The best hybrids (in my opinion) are the Trek "FX" bikes. They start at $439. These bikes are designed for pavement riding. Compared to a true road bike, they are a bit heavier and have fewer hand positions. They are overall less efficient than road bikes, but they are still very impressive....when you stop pedaling to coast, they roll for quite a long distance. They are lighter than most hybrids, and they are very efficient. People use them for commuting, fitness riding, and even some longer-distance touring.

A true road bike will start out at around $700. For the premium over a hybrid, you'll have many hand positions that you can rotate through on longer rides. You'll have nice integrated brake/shift levers. You'll have more precise and comfortable sizing (more on that later). And you'll have a bike that goes further and faster for the same effort. Road bikes also generally have higher-level (lighter, more precise, more durable) components than hybrids.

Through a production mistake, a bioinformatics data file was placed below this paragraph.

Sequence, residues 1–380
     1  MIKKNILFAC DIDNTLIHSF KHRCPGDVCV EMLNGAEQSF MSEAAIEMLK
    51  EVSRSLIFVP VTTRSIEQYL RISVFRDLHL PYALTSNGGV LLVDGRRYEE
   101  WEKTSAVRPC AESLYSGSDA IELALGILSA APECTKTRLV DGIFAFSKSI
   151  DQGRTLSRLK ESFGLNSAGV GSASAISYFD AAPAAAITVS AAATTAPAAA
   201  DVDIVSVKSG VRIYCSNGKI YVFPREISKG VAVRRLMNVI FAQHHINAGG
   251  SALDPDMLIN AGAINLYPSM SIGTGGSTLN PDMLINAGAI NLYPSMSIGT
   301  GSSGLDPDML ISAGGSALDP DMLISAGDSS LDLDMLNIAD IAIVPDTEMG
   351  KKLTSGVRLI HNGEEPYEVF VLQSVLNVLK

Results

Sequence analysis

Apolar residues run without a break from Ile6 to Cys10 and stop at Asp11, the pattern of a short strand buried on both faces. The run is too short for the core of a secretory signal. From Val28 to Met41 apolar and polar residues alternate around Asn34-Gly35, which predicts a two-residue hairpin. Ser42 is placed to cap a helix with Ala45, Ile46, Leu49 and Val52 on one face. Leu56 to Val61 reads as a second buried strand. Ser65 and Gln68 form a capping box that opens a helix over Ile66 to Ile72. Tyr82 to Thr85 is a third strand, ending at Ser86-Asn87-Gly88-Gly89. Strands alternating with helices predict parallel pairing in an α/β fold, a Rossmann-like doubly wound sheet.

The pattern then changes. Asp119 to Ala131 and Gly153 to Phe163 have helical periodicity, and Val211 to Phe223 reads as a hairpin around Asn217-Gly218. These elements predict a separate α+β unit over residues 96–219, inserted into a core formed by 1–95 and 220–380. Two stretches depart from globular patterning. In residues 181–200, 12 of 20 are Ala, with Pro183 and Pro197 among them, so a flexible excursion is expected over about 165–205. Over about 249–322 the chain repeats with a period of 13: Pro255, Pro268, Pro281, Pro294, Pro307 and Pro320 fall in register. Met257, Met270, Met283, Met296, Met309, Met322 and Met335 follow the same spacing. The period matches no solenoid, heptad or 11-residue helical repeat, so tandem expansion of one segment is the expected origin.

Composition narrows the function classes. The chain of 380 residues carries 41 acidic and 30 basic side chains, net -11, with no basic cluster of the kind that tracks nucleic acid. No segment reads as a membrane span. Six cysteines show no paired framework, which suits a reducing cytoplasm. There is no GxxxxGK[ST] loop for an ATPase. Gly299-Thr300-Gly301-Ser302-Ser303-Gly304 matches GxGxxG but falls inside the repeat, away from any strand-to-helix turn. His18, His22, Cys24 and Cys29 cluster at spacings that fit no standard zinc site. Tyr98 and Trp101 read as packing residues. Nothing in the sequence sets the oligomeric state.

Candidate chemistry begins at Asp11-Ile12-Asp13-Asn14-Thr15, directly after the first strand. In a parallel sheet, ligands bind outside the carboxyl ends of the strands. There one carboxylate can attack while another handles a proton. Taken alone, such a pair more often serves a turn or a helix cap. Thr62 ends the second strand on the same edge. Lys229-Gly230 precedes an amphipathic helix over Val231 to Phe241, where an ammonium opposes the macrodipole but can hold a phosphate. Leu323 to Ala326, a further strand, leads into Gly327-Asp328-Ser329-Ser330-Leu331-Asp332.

After you decide what style of bike to get, focus primarily on fit and positioning. The bike should be fit specifically to you. A good shop will find your frame size and will then swap the handlebar and/or stem to further perfect the fit.

When you find your specific fit (which will vary greatly among brands...a 58cm in one brand does not necessarily equate to a 58cm in another brand), don't worry too much about components. If you're after an entry-level bike, just get the best bike you can afford from a good, proven manufacturer like Trek and leave some room in the budget for some necessary accessories (more on that later).

Higher-level components, wheels, etc will make your bike lighter, more precise, and more durable, but proper fit and positioning is about 8000 times more important. You can always upgrade parts in the future if you'd like, but you can't easily upgrade a poorly-fitting frame.